Imagine yourself walking down Oxford Street, off to get a new pair of jeans for tonight’s dinner. With more than 300 retailers from designer outlets to department stores (Visit London, 2018), you’re spoilt for choices from which brand to choose. Before you decided to play it safe by going into Levi’s, your trusted jeans company, you spontaneously picked up a new pair of Oakley’s sunglasses next door.
“I definitely need this for summer. ” “This is the only other thing that I’m going to buy today.”
“It’s the last pair in my size!”
Words we have all mumbled under our breath whilst surrendering our credit card.
Now, what prompted you to do that? What led to this impulsive behaviour we are all so familiar with?
According to research, impulse buying accounts for almost 80 percent of all purchases (Kacen, Hess and Walker, 2012). These are considered buying decisions made in the store when there was no prior need (Kollat and Willett, 1967).
While many factors affect patronage decisions, such as the store name, atmosphere, popularity of the establishment and expectations about the merchandise assortment, window displays are often the first thing customers look at. Window displays, typically packed with the new season’s items and stick thin mannequins, have so much power of drawing customers into the store. With consumers swarmed with thousands of shopping choices everyday, stores literally have seconds to grab their attention.
It seems like people do judge a store by its cover.
Thus, let’s find out more about how visual merchandising and store window displays affect customers’ willingness to enter a store.
Visual merchandising is the process by which a retail store’s product placement and styling are made to look appealing, attractive, and enticing to customers. The purpose is to create a stimulus for them to enter the store and leave a lasting impression in the customer’s mind (Dash and Akshaya, 2016). With more people entering a store, more sales could possibly be achieved.
Hermes - Spring Clean
Bergdorff Goodman in collaboration with Johana Burke Artisans, Hotel Art Agency and Rootstein
There are two types of window displays - merchandise-focused window and artistic window. Merchandise-focused displays sell merchandise in a straightforward way. On the other hand, artistic displays focus on communicating the store’s brand and often use implicit messages shoppers have to decipher (Oh and Petrie, 2012).
Merchandise-focused window display, which facilitates easy understanding of the products, increased the number of customers entering the store. On the contrary, artistic windows, which possess interpretative messages, did not promote customers entering the store, especially when the content was too complicated or when customers were shopping for fun.
Examples of merchandise-focused windows:
Examples of artistic windows:
Urban Decay x Jean-Michel Basquiat capsule collection
Hackett - Sky Dive
So how can you make your window displays tailored to the shoppers’ motives? Here are some tips from visual merchandising experts:
Empower Customers “Great visual merchandising will tell stories while transporting viewers to new places, new times, and new states of mind. Additionally, great visual merchandising will create moments, landmarks, and points of view.” - Eric Feigenbaum, President of Embrace Design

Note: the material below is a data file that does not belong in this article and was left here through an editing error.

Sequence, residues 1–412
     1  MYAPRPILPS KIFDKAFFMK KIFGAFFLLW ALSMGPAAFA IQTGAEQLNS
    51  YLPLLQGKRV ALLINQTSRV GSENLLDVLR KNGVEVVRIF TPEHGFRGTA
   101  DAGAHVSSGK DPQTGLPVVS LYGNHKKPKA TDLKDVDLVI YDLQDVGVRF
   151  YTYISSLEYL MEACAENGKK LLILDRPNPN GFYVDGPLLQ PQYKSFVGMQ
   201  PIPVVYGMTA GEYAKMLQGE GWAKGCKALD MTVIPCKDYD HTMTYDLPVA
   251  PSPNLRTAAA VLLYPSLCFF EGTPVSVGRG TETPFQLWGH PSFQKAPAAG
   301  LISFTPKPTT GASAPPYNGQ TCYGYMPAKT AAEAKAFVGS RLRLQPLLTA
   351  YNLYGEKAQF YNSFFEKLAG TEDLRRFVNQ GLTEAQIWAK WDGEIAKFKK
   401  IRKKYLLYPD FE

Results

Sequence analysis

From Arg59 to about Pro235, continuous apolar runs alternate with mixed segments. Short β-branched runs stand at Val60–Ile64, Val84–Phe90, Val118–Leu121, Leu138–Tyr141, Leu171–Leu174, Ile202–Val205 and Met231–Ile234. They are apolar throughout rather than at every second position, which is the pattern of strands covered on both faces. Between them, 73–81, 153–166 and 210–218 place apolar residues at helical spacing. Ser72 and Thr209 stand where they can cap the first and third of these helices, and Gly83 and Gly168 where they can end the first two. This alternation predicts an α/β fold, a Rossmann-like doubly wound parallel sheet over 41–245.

By curating store fronts with designs and stories customers could relate to, it increases their sense of interest, familiarity and understanding, incentivising them to enter the store. Through proper customer development and feedback, learning about your customers’ profiles could help guide the design and styling of your window displays. It also provides clarity and communication as to which target customers you are trying to reach.
Keep Merchandise Fresh and Innovative Exceeding customer expectations is essential in any retail environment and they always expect to see something different when they return to your store. As such, it’s imperative retailers come up with creative and innovative ideas of displaying products (Visual Retailing, 2017).
Encourage Impulse Purchases Apart from increasing the size of the shopping basket within the store, you can encourage impulse purchasing by creating awareness. One way to do it is by clustering - grouping certain items together to show them which products make a good match.
Effective displays teach shoppers about using multiple basic and accessory items to enhance and extend the use of their purchases. With great merchandising it’s not uncommon to hear a shopper say ‘I want the lot’. That's silent selling at its best. The power of visual merchandising.” - Debra Templar, Owner of The Templar Group
Once again, never underestimate the power of the window displays.
They could easily determine the success or failure of your retail venture.
DASH, M. and AKSHAYA, L., 2016. A Study on the Impact of Visual Merchandising on Impulse Purchase in Apparel Retail Stores. International Journal of Marketing & Business Communication, 5(2),.
Kacen, J. J., Hess, J. D., & Walker, D. (2012). Spontaneous selection: The influence of product and retailing factors on consumer impulse purchases. Journal of Retailing and Consumer Services, 19(6), 578-588.
Kollat, D.T., Willett, R.P., 1967. Customer impulse purchasing behavior. Journal of Marketing Research 4 (February), 21–31.
Oh, H. & Petrie, J. 2012, "How do storefront window displays influence entering decisions of clothing stores?", Journal of Retailing and Consumer Services, vol. 19, no. 1, pp. 27-35.
Visit London. (2018). Oxford Street. [online] Available at: https://www.visitlondon.com/things-to-do/place/5042973-oxford-street [Accessed 12 May 2018].
Visual Retailing. (2017). 7 Inspiring Visual Merchandising Tips from Leading Experts. [online] Available at: https://visualretailing.com/blog/2017/8/7-inspiring-visual-merchandising-tips-from-leading-experts [Accessed 11 May 2018].